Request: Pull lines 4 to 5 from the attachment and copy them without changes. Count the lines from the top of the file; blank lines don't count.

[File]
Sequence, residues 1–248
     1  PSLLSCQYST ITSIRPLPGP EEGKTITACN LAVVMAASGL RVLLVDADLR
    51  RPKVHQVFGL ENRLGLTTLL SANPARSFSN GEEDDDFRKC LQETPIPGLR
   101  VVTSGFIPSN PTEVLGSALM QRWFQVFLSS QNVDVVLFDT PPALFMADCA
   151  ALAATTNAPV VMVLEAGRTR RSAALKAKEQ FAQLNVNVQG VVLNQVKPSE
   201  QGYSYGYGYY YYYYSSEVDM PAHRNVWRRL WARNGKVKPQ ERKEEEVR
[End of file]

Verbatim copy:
   101  VVTSGFIPSN PTEVLGSALM QRWFQVFLSS QNVDVVLFDT PPALFMADCA
   151  ALAATTNAPV VMVLEAGRTR RSAALKAKEQ FAQLNVNVQG VVLNQVKPSE